The State Of Nantucket Harbor
JohnCarl McGrady •
While the Town of Nantucket has made progress toward improving the quality of Nantucket Harbor, several key metrics show that the harbor is still well short of the town’s goals and further action is required.
The findings were presented Tuesday by the Natural Resources Department (NRD) during the 6th annual State of the Harbor forum presented by the Nantucket Land Council.
The data presented by the NRD painted a picture of a harbor that has started to show signs of recovery but is still ravaged by decades of damage. Nitrogen levels in Nantucket Harbor have declined over the last ten years but are still above target levels in many places, and despite significant protection and replenishment efforts, Nantucket Harbor has still lost about 30% of its eelgrass since 1990.
The department outlined the progress that has been made toward the goals defined in the 2009 Nantucket & Madaket Harbors Action Plan, and the changes the NRD expects will be made in the upcoming year to update to the plan.
The main change Natural Resources Director Jeff Carlson highlighted was the incorporation of coastal resilience and the town’s Coastal Resilience Plan, absent from the 2009 version of the Harbors Action Plan.
While water resource specialist Thaïs Fournier said the water quality in Nantucket Harbor is generally good, she added that the over-abundance of nitrogen can lead to explosions of dense algal growth. The algae can then choke eelgrass and animal life in a process known as eutrophication.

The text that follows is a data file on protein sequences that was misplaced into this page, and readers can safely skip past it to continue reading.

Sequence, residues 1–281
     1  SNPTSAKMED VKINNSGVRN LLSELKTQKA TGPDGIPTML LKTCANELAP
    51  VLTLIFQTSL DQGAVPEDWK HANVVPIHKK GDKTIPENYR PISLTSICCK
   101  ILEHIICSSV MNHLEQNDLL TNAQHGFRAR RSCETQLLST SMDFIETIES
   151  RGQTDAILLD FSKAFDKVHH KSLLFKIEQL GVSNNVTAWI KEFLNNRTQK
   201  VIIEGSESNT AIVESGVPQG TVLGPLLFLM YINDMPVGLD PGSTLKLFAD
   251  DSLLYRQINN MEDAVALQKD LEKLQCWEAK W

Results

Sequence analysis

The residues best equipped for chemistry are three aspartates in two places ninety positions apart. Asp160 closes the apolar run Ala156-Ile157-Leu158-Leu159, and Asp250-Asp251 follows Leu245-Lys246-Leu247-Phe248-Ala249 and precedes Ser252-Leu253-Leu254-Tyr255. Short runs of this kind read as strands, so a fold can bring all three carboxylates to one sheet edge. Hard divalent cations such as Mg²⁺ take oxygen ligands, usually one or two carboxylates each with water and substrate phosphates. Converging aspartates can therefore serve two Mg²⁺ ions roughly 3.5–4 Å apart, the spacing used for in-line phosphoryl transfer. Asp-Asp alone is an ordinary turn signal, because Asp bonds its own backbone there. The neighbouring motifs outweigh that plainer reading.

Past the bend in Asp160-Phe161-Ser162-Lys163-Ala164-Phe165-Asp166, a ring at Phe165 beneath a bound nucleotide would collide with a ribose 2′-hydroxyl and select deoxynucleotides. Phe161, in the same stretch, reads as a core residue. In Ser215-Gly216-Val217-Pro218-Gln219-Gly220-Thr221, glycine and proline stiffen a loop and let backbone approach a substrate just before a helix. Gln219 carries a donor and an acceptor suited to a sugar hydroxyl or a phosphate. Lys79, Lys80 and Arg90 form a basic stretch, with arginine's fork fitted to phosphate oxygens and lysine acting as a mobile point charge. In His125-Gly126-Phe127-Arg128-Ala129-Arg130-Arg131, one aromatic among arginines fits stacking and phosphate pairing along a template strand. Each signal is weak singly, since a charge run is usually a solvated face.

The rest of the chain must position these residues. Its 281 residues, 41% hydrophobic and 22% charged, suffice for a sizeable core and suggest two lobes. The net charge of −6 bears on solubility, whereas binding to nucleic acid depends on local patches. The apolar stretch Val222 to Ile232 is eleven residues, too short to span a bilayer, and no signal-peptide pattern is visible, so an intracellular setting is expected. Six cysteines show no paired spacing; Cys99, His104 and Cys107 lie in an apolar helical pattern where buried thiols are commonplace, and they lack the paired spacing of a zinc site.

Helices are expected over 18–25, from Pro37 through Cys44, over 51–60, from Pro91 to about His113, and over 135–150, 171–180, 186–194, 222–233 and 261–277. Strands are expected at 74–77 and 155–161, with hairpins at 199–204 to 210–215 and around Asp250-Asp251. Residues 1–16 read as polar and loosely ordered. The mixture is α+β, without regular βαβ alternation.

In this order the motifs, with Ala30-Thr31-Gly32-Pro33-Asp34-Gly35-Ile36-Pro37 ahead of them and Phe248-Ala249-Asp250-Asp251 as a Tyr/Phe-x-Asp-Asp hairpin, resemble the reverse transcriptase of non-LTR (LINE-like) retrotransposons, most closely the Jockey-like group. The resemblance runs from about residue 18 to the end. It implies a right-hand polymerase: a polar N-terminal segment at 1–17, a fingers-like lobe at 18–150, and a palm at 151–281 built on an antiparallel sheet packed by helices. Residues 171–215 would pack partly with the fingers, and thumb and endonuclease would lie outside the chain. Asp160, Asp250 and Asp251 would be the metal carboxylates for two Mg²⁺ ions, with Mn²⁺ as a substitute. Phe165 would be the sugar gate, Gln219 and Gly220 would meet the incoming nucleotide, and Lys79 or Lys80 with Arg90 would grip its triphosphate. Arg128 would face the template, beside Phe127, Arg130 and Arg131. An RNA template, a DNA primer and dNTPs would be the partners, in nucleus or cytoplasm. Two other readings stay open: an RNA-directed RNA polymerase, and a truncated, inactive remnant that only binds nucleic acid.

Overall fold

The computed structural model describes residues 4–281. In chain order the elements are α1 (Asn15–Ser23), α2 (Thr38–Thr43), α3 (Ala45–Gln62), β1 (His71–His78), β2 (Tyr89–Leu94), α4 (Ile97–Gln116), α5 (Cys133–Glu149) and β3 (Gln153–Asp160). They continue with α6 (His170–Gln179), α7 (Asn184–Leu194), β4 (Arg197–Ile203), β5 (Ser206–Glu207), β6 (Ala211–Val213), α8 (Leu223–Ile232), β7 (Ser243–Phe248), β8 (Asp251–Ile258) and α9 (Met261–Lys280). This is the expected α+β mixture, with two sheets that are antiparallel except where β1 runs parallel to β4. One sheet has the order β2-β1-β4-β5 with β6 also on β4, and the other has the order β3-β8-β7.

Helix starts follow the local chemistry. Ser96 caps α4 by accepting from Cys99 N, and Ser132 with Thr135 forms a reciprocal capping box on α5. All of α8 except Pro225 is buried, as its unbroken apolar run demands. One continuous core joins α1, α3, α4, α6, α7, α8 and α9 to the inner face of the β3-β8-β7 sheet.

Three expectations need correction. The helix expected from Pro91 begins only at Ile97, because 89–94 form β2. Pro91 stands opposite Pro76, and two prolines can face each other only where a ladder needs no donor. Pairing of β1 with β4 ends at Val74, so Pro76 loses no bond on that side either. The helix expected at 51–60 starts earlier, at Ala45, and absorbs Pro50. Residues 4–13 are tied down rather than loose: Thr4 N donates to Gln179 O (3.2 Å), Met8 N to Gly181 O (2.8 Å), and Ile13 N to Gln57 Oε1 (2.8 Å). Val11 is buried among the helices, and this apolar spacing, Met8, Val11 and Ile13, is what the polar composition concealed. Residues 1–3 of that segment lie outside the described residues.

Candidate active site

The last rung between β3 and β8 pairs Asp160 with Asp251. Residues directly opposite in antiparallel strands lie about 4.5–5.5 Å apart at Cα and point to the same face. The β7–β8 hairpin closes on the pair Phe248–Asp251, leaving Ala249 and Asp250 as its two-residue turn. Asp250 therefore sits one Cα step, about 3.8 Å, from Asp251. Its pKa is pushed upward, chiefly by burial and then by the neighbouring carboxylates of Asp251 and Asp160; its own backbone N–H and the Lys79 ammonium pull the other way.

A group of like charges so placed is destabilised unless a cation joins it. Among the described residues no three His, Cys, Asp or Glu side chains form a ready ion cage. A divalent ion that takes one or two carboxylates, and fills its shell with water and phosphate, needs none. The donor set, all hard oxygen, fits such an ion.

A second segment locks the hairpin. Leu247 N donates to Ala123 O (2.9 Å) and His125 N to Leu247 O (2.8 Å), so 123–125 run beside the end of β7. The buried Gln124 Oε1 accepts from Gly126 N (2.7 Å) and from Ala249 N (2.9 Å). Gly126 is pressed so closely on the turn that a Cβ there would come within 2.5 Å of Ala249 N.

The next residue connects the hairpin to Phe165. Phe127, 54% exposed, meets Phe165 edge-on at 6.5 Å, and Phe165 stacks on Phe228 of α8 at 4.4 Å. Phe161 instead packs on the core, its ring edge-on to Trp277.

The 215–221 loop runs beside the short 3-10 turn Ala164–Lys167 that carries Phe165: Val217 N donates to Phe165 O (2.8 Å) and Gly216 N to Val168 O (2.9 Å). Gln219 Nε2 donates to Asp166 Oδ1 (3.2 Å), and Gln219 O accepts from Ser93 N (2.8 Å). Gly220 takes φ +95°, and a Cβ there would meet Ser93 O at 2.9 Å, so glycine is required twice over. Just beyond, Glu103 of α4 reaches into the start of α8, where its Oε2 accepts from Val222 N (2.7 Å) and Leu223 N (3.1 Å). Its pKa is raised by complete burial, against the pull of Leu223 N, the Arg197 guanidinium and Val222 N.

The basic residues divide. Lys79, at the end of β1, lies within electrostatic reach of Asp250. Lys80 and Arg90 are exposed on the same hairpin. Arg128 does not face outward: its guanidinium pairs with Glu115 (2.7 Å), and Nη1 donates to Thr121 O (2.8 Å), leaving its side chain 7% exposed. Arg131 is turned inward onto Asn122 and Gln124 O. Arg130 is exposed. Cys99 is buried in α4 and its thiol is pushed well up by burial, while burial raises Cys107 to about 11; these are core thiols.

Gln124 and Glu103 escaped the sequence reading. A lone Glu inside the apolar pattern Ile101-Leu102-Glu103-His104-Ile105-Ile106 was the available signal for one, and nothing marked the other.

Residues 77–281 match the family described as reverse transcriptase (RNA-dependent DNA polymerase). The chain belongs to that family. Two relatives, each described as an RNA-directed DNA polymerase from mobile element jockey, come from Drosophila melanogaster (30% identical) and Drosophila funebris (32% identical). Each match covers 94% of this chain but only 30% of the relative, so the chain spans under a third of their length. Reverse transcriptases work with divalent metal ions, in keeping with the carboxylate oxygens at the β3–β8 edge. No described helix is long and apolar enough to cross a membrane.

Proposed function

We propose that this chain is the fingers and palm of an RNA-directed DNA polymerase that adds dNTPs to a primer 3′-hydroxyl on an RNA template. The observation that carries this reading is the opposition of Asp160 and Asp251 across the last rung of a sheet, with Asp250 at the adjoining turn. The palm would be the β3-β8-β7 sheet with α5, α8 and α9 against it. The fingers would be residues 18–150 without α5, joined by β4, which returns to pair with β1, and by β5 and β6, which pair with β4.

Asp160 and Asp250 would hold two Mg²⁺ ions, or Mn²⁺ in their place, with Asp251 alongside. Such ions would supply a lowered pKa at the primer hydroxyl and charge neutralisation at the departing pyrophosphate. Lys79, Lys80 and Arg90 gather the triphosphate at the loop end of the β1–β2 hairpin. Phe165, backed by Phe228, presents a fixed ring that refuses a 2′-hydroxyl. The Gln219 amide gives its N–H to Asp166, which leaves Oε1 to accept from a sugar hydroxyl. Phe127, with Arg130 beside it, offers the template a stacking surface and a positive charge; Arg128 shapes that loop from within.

Preserving the harbor’s eelgrass is critical because eelgrass mitigates erosion and flooding and is also the primary habitat for Nantucket bay scallops. The decrease in eelgrass has been correlated with a dramatic crash in the island’s bay scallop harvest. The collapse of the bay scallop fishery has a significant impact on local scallopers, as well as on the scientists working to preserve shellfish, as they rely on money from the ever-shrinking pool of commercial scalloping licenses to fund their efforts.
Despite this, 75 percent of the action items in the Nantucket Shellfish Management plan have been accomplished, including renovations to the Shellfish Hatchery and a major shell recycling program intended to stimulate oyster growth.
To reduce eutrophication and improve water quality in the Nantucket and Madaket harbors, the NRD recommended that Nantucket residents switch from septic systems to Town sewer. The Town’s sewage treatment facility is far more sophisticated than what septic systems offer and removes a much higher percentage of nitrogen from waste. Additionally, the NRD suggested residents stop using fertilizer whenever possible, plant native vegetation and rain gardens in their lawns to reduce runoff, use EPA safer choice cleaning products, pick up pet waste, and limit vehicle usage, among other things.
The action plan, which has to be approved by the state, guides the Town’s use of the Nantucket and Madaket Harbors and the surrounding land. The NRD will receive assistance from the Urban Harbors Institute at UMass Boston and the Woods Hole Group in drafting its update to the plan. This is a lengthy process that will involve reviewing the 2009 plan and the status of its recommendations and any relevant studies released since 2009, as well as numerous interviews with stakeholders and opportunities for public comment.
The State of the Harbor forum was held at the Nantucket Yacht Club. For those who missed the forum, it will be available on Nantucket Community Television’s YouTube page within the next two weeks.